Director: Sam Mendes
Runtime: 148 minutes
Cast: Daniel Craig, Christoph Waltz, Léa Seydoux, Ralph Fiennes, Monica Bellucci, Ben Whishaw, Naomie Harris, Dave Bautista, Andrew Scott, Rory Kinnear, et al…
Plot (taken from IMDb): A cryptic message from Bond’s past sends him on a trail to uncover a sinister organization. While M battles political forces to keep the secret service alive, Bond peels back the layers of deceit to reveal the terrible truth behind SPECTRE.
After the incredible Skyfall I was worried that Bond wouldn’t come back as strong. I was correct to have those worries; Spectre is a mish-mash of a movie that never knows what it wants to be. One part classic Bond, one part Casino Royale, Spectre comes across as confused, despite containing some very entertaining scenes.
The movie opens strongly, in Mexico. During day of the dead celebrations, Bond is tasked with taking out a target. Obviously, it all goes a little wrong, but Craig’s Bond looks cool whilst doing it. With explosions, lots of civilians at risk, crumbling buildings and a fight in a helicopter, the opening of the movie has it all. Shame the rest of the film doesn’t.
Spectre feels disjointed. The plot is reminiscent of Skyfall, but its direction is different. Gone are the gothic, atmospheric scenes, with over-the-top action sequences in their place. I have no issue with the set-pieces per se, but they feel a little out of place for Craig’s Bond. Skyfall re-introduced the sillier moments back into the Bond formula, after Quantum of Solace and Casino Royale sucked the fun out of the franchise. Skyfall, however, used a good mixture of the dark Bond of today and the goofy Bond of the past.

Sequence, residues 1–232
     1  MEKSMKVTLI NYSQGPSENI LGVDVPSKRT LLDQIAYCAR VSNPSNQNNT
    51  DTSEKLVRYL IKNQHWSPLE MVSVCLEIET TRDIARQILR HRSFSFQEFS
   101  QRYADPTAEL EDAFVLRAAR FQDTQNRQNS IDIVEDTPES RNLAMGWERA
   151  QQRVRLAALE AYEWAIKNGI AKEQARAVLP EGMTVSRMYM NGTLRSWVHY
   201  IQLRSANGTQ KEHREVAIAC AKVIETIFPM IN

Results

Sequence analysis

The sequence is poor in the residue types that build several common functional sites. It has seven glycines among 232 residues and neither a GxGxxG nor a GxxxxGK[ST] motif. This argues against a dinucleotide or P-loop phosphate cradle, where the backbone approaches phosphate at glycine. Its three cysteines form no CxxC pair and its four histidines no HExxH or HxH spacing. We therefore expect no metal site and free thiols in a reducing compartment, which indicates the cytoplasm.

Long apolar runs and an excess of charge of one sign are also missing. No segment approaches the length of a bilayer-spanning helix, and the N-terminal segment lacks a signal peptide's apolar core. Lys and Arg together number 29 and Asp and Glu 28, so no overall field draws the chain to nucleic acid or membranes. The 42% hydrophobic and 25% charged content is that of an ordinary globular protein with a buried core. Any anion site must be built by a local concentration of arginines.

Spectre ramped up the cheese, but didn’t dial down the brooding. There are very dark moments, mixed in with the ludicrous and it just doesn’t gel. There were moments in the film that I loved, from both the dark and the ludicrous, but as a whole, Spectre just wasn’t directed well. There were so many moments that fell flat.
We have a ridiculous hard man (Dave Bautista), who randomly shows up every now and then to fight Bond in uneventful battles of just brawn, adding nothing to the film in terms of plot or spectacle. There is a car chase in Spectre, but it is severely disappointing. It lasts a while, but Bond never feels in danger; it was a little boring. But the worst part of the film? Christoph Waltz.
Waltz plays Blofeld, the author of all of Bond’s pain. He is touted as being a criminal mastermind, but he never comes across as particularly menacing, or much of a match for Bond. Bond’s villains are usually very strong, almost making the movies what they are. It felt like Mendes liked the villain of Skyfall too much and wanted to use him again. It didn’t work unfortunately. Outside of the villains, however, the rest of the cast is excellent.
Daniel Craig still carries Bond well, despite his mumbling. He has a good screen presence, stealing most of the scenes he is in. Léa Seydoux is wonderful as the Bond girl (as is Monica Belluci), Ralph Fiennes is fantastic as ever, but my star of the show is Ben Whishaw. Q is given more screen-time this time around, and Whishaw plays a very good Q. He is nerdy, yes, but very, very smart. I appreciated that a character like Q played a more important part in the plot.
Cinematography, too, is very good. You’d expect no less from the same team behind Skyfall, despite lacking the gothic visuals of Skyfall. I think, in general, that Spectre is stuck in Skyfall’s shadow. It tries to match that film in terms of performances, set-pieces and tone, but falls short of the mark in every area. With plenty of fun in the movie, it’s not a bad film, but Spectre left me disappointed. It’s disjointed in tone, direction and acting. It’s a shame really.
Skyfall was always going to be a hard film to follow on from, but Spectre felt flat in comparison. It’s a fun film at times, but there are too many inconsistencies in its tone, characters, direction and acting. I appreciated some aspects of the film, like the sets, most of the acting and the cinematography, but for the most part, Spectre isn’t really anything worth writing home about.